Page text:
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Foundation repair company turns dilemma into opportunity

When choosing between selling customers an inadequate solution they thought they needed or seeing his business fail, Arizona Foundation Solutions owner Bob Brown valued a clean conscience over revenue.

The temptation was there. But when choosing between selling customers an inadequate solution they thought they needed or seeing his business fail, Bob Brown valued a clean conscience over revenue.

However, the president and owner of Arizona Foundation Solutions turned a dilemma into an inventive opportunity that saved his company and distinguished it from the competition all while maintaining his integrity.

When Brown started his Phoenix foundation repair company in 2000, most calls came from homeowners who believed their homes were settling. Brown knew it was the opposite problem. Heaving, or swelling due to excess moisture being soaked up like a sponge by the desert clay beneath the structure was causing the cracks in the walls, uneven flooring and separation from the concrete.

At the time, there was no solution for this problem. Customers didn't want to believe the theory. Many insisted settling was the issue and demanded it be fixed. But Brown wasn't in the business of selling people what they didn't need – even if they asked for it.

Faced with sales representatives who worked on commission and needed to provide for their own families, pressure from suppliers who wanted him to sell their products and battling to break even, Brown said there was a lot of rationalized temptation to give in.

"I could see selling them a bunch of piers but not sleep well at night. I couldn't do that and look at myself in the mirror," Brown said, referring to the device used to repair settling. "That's why I tried so hard to come up with solution. We had to make a living."

Brown grew up in the construction industry and spent his career in various areas of the field. He is a research guru, receiving several patents dating back to his first company, Arizona Repair Masons Inc., that he started after graduating from Arizona State University. That business remains operational today.

He applied his out-of-the-box approach to heaving and developed his patent-pending MoistureLevel ventilation system to tackle the problem.

Brown said his company has undergone steady growth and is in the process of adding more staff.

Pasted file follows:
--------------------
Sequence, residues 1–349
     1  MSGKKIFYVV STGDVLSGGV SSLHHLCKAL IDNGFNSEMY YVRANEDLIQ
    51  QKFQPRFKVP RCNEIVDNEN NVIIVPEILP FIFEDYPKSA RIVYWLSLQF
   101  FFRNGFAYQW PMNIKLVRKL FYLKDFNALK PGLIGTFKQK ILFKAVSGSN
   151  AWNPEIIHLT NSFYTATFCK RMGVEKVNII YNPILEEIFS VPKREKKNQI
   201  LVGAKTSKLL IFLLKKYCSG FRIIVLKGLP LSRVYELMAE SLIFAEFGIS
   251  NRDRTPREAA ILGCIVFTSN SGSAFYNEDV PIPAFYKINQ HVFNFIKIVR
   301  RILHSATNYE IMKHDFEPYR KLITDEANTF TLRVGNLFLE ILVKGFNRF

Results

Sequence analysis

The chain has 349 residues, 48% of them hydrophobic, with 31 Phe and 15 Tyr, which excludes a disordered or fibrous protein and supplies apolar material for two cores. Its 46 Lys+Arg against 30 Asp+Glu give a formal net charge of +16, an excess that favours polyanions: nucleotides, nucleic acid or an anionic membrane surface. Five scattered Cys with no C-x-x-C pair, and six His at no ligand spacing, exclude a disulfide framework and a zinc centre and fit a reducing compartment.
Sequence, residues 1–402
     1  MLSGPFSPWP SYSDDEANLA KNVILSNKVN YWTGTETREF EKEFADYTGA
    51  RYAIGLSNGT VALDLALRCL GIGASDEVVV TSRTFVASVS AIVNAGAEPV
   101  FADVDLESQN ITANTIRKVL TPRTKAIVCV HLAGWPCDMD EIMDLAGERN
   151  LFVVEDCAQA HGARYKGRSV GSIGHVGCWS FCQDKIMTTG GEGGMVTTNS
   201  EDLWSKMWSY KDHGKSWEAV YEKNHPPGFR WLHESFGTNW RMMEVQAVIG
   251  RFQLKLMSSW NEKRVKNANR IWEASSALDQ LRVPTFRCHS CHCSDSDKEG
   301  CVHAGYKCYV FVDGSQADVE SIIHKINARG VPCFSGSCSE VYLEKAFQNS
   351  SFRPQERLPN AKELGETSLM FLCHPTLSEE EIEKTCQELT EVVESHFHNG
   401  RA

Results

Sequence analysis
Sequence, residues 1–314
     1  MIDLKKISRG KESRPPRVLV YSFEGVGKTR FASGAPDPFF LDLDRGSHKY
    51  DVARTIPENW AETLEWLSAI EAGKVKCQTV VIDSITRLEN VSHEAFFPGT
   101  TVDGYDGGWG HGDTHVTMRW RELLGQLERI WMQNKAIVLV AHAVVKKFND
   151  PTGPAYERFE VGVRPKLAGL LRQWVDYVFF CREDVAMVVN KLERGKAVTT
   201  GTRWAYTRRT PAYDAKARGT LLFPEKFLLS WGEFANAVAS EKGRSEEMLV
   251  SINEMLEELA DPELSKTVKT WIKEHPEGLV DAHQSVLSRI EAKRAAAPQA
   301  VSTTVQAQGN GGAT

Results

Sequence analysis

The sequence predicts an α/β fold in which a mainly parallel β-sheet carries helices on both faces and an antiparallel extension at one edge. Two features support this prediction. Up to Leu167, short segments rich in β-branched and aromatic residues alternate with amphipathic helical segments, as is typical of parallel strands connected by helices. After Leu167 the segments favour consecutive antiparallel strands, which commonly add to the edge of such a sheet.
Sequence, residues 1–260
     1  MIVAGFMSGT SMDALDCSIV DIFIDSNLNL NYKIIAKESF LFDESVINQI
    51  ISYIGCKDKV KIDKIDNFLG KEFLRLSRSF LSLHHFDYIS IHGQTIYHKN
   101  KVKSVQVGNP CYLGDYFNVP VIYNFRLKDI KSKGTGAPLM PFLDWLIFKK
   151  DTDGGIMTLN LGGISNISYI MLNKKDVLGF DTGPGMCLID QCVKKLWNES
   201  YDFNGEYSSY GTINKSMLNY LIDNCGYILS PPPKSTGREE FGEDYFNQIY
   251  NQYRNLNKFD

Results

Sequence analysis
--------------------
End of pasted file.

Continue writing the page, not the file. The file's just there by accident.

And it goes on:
Currently, 70 percent of Brown's clientele is residential with 30 percent commercial. Arizona Foundation Solutions did $300 projects during the company's early days, Brown said. Now, the company is handling jobs in the six and seven figures. A $500,000 repair project to the historic Prescott Courthouse was among them.

Often, the cost to fix heaving is less than the cost of most foundation repairs, Brown said. Each month, Brown's team meets a handful of confused homeowners who have paid another company for a settling repair only to see problems reoccur and find out heaving was the issue.

"There is a lot of lack of education in the industry. We can offer both solutions. If you only offer one, how can you correctly interpret the problem?" Brown said.

Inspections comprise a large part of business, with an average of 200 a month, he said. His crew does 20-30 repairs each month. Most involve heaving, but some are legitimate settling.

Gilbert homeowner Brenda Gogue is among those who experienced both. She and her husband, Jed, noticed cracks in the foundation and separation. They assumed it was settling but when they called Brown's company, were told the problem also was heaving.

"They're the only ones that talked about heaving. It made sense to me," said Gogue, who had the repairs done in January. "We had lots of questions and they did a really good job of explaining what's going on in our house."

She said everyone cleaned up and left her home spotless and was professional throughout. She was pleasantly surprised when Brown himself came out to see the work.

"It was good of the owner to actually come out to make sure we were confident that we were doing the right thing. He's a very knowledgeable guy," she said.

Brown was born in St. Johns, Ariz., and moved to California with his family as a child. By age 10, Brown was building forts in his backyard with various materials. These became walk-in structures with electricity capabilities. His father worked in the construction supply industry and when he was a teen, Brown worked for a stucco company owned by his sister's in-laws.

"I always liked to see the results of what I do. Construction gives tangible results, and you can see you're making a difference," he said.

He returned to attend ASU, where he earned degrees in architecture and finance. For tuition money, Brown fixed broken curbs he spotted in shopping center parking lots. He drove around with concrete in the back of his truck. His price: $300 to pour a new 20-foor section of curb.

"I had an old Chevy pickup. The only way to keep it from overheating was to drive with heat on in summer," Brown recalled.

Brown launched Arizona Repair Masons, specializing in concrete repair. Eventually, he got into foundation repair and started his second company. Now, he's moved away from concrete work and has geared his business toward solving technical problems. As a result, he's learned a lot of engineering principles.

Brown credited his success to a willingness to knock on doors, hard work and constant education. When his first company was new, Brown underwent foot surgery. He hopped on one foot for 12 weeks finishing concrete. He didn't have a choice.

Persistence and creativity have been his key drivers.

"I always want to come up with concepts or solutions to help," Brown said. "I don't give up. I don't let setbacks get in my way. I keep charging forward."